Enhanced Process for the Extraction and Purification of Oils from Microalgae Using CO2 as a Solute
Department of Energy
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Small Business Information
Synaptic Research, Llc
1448 South Rolling Road, Baltimore, MD, 21227
Socially and Economically Disadvantaged:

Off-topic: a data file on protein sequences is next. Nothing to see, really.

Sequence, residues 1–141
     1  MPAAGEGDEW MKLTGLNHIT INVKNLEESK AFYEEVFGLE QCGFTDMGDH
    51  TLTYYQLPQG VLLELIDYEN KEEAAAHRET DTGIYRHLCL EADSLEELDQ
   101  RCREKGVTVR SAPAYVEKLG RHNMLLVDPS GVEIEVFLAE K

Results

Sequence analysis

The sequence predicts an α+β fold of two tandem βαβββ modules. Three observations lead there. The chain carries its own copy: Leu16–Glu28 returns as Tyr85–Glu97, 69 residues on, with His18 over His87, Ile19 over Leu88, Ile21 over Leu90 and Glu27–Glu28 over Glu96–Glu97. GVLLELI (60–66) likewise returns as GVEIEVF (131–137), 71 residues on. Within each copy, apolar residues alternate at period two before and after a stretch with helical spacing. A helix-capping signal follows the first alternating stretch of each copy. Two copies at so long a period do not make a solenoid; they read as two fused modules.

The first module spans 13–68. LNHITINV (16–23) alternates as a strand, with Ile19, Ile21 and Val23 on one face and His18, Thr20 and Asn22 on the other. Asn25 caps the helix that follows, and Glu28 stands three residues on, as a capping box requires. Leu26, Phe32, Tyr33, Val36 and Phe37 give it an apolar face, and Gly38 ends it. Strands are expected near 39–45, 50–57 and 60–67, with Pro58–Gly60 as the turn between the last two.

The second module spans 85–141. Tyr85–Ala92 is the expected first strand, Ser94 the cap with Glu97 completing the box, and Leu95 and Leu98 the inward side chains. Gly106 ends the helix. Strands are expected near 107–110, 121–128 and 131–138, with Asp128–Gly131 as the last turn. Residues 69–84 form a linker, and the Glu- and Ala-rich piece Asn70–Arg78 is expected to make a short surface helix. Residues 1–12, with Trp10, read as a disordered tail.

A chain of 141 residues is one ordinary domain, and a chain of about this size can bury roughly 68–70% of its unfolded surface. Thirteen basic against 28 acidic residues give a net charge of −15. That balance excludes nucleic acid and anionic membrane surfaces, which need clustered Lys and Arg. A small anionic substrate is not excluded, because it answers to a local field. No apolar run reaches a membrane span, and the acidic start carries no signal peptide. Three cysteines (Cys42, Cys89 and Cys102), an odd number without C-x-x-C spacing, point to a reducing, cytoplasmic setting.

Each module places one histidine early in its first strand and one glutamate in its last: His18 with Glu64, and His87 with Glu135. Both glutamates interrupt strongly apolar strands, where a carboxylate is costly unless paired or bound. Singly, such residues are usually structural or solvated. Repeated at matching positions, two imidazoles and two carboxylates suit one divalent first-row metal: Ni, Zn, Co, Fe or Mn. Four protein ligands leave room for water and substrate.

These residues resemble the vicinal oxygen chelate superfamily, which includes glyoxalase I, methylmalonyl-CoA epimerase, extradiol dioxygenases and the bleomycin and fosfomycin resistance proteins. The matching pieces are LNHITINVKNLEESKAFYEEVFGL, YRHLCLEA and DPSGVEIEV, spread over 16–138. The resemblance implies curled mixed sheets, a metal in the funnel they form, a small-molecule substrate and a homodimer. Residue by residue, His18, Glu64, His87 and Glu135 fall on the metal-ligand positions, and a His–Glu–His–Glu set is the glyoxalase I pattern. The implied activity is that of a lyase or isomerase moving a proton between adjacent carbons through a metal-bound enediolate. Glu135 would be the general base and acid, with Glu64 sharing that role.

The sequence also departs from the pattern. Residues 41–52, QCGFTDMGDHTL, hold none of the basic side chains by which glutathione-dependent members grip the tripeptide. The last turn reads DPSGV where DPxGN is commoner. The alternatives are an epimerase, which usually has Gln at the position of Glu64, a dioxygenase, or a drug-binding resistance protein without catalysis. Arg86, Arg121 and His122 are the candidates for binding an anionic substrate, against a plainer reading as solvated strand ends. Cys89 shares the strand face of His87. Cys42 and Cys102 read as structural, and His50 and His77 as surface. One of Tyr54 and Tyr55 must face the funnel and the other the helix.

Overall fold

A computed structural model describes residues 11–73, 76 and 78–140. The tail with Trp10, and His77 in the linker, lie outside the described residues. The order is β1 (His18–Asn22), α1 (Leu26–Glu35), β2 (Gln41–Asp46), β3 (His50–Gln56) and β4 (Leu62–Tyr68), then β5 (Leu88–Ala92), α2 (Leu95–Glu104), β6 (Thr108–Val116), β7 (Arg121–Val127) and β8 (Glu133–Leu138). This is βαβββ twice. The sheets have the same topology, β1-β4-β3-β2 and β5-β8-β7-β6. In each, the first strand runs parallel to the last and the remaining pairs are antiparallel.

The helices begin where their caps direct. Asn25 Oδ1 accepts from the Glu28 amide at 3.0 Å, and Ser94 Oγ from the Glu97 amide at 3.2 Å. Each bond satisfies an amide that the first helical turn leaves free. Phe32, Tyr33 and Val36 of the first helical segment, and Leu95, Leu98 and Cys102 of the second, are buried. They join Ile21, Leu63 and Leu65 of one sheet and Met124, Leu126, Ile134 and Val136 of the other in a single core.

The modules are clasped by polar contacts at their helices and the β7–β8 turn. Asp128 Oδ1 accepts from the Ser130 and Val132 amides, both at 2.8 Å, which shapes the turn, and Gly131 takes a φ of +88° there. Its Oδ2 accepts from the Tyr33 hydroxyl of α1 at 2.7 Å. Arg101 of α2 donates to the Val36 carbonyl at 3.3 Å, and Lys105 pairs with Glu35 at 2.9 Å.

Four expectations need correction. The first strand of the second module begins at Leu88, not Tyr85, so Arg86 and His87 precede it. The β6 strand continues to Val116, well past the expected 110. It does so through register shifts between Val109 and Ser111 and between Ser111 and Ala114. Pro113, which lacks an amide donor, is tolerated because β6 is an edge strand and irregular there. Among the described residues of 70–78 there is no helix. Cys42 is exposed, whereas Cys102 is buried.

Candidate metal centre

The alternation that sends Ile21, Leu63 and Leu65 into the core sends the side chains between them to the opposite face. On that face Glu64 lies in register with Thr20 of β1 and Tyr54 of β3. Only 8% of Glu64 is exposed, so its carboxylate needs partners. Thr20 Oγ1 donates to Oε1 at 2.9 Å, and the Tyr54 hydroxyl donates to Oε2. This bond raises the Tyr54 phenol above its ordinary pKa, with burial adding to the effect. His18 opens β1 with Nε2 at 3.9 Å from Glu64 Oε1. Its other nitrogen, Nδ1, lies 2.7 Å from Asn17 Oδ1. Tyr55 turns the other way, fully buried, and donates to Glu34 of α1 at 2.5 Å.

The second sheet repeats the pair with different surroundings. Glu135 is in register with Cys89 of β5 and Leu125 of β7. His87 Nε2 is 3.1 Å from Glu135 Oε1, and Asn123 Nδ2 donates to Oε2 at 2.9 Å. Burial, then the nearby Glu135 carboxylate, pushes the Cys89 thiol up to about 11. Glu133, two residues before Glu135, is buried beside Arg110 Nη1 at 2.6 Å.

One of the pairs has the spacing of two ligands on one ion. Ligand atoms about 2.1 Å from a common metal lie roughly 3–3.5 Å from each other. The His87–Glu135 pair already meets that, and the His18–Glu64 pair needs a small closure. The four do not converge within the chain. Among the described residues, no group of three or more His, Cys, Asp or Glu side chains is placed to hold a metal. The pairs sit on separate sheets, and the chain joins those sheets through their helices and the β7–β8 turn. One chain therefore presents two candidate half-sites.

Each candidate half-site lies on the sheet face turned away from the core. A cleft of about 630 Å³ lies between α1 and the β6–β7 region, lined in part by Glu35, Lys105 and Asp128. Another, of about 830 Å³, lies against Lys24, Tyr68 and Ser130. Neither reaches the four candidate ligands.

AbstractThe algal biofuels industry represents an exciting opportunity to take advantage of the ability of microalgae to convert carbon dioxide and sunlight to liquid fuels. Algae offer the ability to capture CO2 generated by coal fired power plants, ethanol plants, petroleum refineries, and a number of other man-made and natural processes. In order to successfully make liquid biofuels from algae, the production process must be economically competitive in comparison to petroleum as well as corn-based and cellulose-based ethanol and other advanced biofuels. The commercialization of algal biofuels will require overcoming a number of significant technological barriers. The current DOE announcement for this proposal specifically notes topic areas (5d) regarding methods for extracting oils from microalgae as goal of research and development into algae as a source of feedstock for lipid production. The announcement further recognizes the critical barriers that impact cost and performance: oil extraction systems for wet algal biomass and further purification of neutral lipids. Not surprisingly, these barriers were also noted in the 1998 NREL report on algal biofuels (Sheehan et al. 1998). The reasons why further study is needed in oil extraction are evident from the process design of Benemann and Oswald (1982, 1996), which included expensive and environmentally unsound extraction processes as well as expensive centrifuge steps for dewatering and lipid separation representing nearly 50% of the total capital costs. Lipid purification currently represents a significant cost and technological barrier to algal biofuels commercialization. This research project will provide a novel application of readily available CO2 as a solute to overcome these cost and obstacles to lipid purification. Our approach CO2 SOLUTE enhanced lipid isolation is fundamentally different from conventional supercritical extraction, which uses CO2 as a solvent. Supercritical CO2 solvent extraction requires much greater volumes of CO2 and consequently leads to a more expensive purification process and high capital costs. Commercial Applications and Other Benefits: The key deliverable in the phase I SBIR is an experimental-based proof of concept demonstrating separation of lipids by CO2 SOLUTE from an algal lysate mixture containing lipid oils, water, and algal biomass. We define how this work would be extended in a phase II SBIR to fully demonstrate and validate the process and efficiency of the CO2 SOLUTE enhanced lipid isolation leading commercialization. The process would then be incorporated into an industrial algal biofuels process being developed by Synaptic Research in conjunction with Johns Hopkins University, University of Maryland, and University of Nebraska Lincoln. Synaptic Research anticipates commercialization of the overall process by licensing the integrated algal biofuels system to biofuels producers.
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